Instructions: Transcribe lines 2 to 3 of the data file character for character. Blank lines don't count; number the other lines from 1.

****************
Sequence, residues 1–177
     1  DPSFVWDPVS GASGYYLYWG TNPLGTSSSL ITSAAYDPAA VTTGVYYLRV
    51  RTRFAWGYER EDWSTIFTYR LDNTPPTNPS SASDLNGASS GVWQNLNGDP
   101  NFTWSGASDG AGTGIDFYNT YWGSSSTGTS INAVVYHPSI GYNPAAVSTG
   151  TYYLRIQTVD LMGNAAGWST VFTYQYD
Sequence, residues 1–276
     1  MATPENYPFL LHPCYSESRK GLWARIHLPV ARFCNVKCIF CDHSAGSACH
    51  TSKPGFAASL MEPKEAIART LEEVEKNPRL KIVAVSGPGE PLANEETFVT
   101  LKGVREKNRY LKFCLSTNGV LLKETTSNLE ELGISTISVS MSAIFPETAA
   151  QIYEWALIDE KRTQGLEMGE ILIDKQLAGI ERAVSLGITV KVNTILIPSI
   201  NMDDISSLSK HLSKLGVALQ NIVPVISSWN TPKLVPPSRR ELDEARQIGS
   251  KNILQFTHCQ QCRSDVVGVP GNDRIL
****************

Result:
     1  DPSFVWDPVS GASGYYLYWG TNPLGTSSSL ITSAAYDPAA VTTGVYYLRV
    51  RTRFAWGYER EDWSTIFTYR LDNTPPTNPS SASDLNGASS GVWQNLNGDP